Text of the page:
George Celino Barnes, better known as Machine Gun Kelly was charged and tried for the kidnapping of Charles Urschel a wealthy business man, the two trials that resulted were historic in several ways: 1) they were the first, last, and only federal criminal trials in the United States in which moving cameras were allowed to film; 2) the first kidnapping trials after the passage of the so-called Lindberg Law which made kidnapping a federal crime 3) the first major case solved by J. Edgar Hooverâ€™s evolving and powerful FBI. For that, Kelly got sent into Alcatraz; 4) the first crime in which defendants were transported by airplane. At the time, it was the largest ransom ever paid in the United States. The ransom was $200,000.00 .
George Celino Barnes was born in Memphis Tennessee on July 18th 1895, ironically he was also captured in Memphis Tennessee, even more ironic, he died on July 18th 1954, his birthday.
As he lived in the Prohibition era of the 1920s and 1930s, Kelly was able to find work as a bootlegger for himself as well as a colleague. After a short time, and several run-ins with the local Memphis police, he decided to leave town and head west with a new girlfriend. To protect his family and escape law enforcement officers, he changed his name to George R. Kelly. He continued to commit smaller crimes and bootlegging. He was arrested in Tulsa, Oklahoma, for smuggling liquor onto an Indian Reservation in 1928 and sentenced for three years to Leavenworth Penitentiary, Kansas, beginning February 11, 1928. He was reportedly a model inmate and was released early. Shortly thereafter, Kelly married Kathryn Thorne, who purchased Kellyâ€™s first machine gun and went to great lengths to familiarize his name in the underground crime circles. She was known to hand out the expended .45cal cartridge casings from his Tommy Gun as souvenirs. Some historians claim that Kathryn even went so far as to plot some small bank robberies
Kellyâ€™s last criminal activity proved disastrous when he kidnapped a wealthy Oklahoma City resident, Charles F. Urschel and his friend Walter R. Jarrett. Urschel, having been blindfolded, made sure to foil his kidnappers by noting all possible evidence of his experience such as background sounds, counting footsteps and leaving fingerprints on every surface in reach. This in turn proved invaluable for the FBI in their investigation, as they learned that Urschel had been held in Paradise, Texas.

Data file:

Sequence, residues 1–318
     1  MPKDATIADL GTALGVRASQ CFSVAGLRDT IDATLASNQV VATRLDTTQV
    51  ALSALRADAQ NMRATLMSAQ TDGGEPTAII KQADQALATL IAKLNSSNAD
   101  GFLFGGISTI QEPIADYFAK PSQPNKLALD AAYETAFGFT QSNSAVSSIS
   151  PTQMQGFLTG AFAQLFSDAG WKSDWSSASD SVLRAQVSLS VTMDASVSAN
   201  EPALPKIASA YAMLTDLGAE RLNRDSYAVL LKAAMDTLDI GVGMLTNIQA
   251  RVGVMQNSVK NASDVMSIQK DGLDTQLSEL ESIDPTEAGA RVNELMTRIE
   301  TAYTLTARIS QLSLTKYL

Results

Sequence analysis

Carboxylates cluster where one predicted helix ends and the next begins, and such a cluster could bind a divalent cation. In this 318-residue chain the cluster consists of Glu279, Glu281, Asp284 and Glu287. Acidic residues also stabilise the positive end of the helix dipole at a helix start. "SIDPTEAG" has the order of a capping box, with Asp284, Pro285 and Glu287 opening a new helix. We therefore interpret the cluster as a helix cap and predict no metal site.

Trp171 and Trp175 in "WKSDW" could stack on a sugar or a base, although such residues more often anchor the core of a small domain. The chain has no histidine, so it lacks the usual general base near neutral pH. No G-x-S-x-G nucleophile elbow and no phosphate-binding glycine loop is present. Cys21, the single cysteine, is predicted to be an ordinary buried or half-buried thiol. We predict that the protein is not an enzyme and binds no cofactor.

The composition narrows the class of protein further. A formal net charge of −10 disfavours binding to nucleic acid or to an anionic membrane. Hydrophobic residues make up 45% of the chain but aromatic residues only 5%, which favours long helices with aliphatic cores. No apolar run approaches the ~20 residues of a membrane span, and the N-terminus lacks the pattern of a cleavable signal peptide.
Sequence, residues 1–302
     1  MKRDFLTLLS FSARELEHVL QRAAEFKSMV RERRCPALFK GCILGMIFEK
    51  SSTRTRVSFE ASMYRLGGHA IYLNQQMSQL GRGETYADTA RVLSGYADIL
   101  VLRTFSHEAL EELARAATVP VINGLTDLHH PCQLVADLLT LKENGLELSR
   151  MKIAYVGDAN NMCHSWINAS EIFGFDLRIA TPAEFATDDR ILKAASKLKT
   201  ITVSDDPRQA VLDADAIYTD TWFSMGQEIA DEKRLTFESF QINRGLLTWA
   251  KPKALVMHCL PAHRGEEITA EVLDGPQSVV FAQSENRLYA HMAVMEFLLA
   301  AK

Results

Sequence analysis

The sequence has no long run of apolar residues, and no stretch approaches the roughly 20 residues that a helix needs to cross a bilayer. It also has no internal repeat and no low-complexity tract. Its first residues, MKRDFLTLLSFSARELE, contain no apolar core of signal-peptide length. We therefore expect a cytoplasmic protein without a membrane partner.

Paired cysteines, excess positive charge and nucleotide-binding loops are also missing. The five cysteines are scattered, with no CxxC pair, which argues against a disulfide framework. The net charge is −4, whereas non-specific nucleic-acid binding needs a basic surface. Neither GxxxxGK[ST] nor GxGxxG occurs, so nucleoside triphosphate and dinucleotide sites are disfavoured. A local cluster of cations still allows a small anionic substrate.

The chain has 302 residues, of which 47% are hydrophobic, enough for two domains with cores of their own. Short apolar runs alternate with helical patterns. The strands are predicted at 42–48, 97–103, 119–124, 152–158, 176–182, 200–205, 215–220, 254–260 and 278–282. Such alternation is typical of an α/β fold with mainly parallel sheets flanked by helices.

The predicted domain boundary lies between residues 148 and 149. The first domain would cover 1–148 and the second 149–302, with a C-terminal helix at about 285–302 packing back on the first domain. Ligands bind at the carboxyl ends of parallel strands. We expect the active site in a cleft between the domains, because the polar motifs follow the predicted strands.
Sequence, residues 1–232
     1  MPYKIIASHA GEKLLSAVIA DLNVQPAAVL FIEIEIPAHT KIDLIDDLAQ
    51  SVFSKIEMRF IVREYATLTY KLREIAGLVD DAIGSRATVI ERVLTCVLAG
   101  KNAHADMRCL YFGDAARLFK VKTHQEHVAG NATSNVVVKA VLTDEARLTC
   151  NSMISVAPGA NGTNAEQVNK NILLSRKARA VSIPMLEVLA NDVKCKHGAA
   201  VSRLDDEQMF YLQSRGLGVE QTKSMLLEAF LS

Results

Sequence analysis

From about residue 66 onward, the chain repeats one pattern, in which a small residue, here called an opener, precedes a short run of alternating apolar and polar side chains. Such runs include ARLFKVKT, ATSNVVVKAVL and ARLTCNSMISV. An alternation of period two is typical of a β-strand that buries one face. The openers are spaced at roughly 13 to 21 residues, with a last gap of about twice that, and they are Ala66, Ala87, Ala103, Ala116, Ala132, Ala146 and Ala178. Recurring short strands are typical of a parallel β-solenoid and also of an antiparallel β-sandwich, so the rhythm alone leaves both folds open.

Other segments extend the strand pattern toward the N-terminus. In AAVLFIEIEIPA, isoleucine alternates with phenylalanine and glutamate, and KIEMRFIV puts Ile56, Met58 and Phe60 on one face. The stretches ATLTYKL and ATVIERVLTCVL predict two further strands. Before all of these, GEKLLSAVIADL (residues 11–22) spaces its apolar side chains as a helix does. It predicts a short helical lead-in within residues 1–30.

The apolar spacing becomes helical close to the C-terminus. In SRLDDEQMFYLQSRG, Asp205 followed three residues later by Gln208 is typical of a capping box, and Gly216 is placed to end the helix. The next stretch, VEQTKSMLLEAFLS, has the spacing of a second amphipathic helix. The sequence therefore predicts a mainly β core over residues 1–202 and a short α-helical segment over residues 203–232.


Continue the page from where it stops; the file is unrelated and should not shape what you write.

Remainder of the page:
An investigation conducted at Memphis disclosed that after 56 days on the run, the Kellys were staying at the residence of J.C. Tichenor. Special Agents from Birmingham, Alabama, were immediately dispatched to Memphis, where, in the early morning hours of September 26, 1933 a raid was conducted. George and Kathryn Kelly were taken into custody by FBI Agents and Memphis police officers Sergeant William Raney and officer Thomas Waterson. Caught without a weapon, George Kelly supposedly cried, “Donâ€™t shoot, G-Men! Donâ€™t shoot, G-Men!” as he surrendered to FBI Agents. The term (which had applied to all federal investigators, meaning simply ‘Government Men’) became synonymous with FBI Agents. Reports of the raid, however, indicate that George Kelly came to the door, dropped his pistol and said, “Okay, boys, Iâ€™ve been waiting for you all night.” Recent research revealed a 1933 newspaper interview with one of the federal agents at the arrest. He commented that, upon their arrest, Kathryn Kelly put her arms around George and said, “These G-men will never leave us alone.” The FBI press machine generated the G-Man story to build its own reputation.
In October 1933, George and Kathryn Kelly were convicted and sentenced to life imprisonment. The trial was held at the Post Office, Courthouse and Federal Office Building in Oklahoma City. Kathryn Kelly and her mother had all charges dropped and were released in 1958 from prison in Cincinnati.
Machine Gun Kelly spent his remaining 21 years in prison. During his time at Alcatraz he got the nickname “Pop Gun Kelly.” This was in reference, according to a former prisoner, to the fact that Kelly was a model prisoner and was nowhere near the tough, brutal gangster his wife made him out to be. He spent 17 years on Alcatraz, working in the prison industries, and was quietly transferred back to Leavenworth in 1951. He died of a heart attack at Leavenworth Federal Prison, Kansas on July 18, 1954, his 59th birthday. He is buried at Cottondale Texas Cemetery with a small headstone marked “George B. Kelley 1954”.